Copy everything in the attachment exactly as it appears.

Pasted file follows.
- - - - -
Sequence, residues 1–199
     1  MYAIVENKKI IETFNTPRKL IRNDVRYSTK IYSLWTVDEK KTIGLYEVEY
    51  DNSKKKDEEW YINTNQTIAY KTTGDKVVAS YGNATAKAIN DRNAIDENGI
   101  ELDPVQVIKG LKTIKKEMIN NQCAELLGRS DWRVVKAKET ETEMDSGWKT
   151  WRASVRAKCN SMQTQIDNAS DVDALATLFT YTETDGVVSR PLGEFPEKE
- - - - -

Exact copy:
Sequence, residues 1–199
     1  MYAIVENKKI IETFNTPRKL IRNDVRYSTK IYSLWTVDEK KTIGLYEVEY
    51  DNSKKKDEEW YINTNQTIAY KTTGDKVVAS YGNATAKAIN DRNAIDENGI
   101  ELDPVQVIKG LKTIKKEMIN NQCAELLGRS DWRVVKAKET ETEMDSGWKT
   151  WRASVRAKCN SMQTQIDNAS DVDALATLFT YTETDGVVSR PLGEFPEKE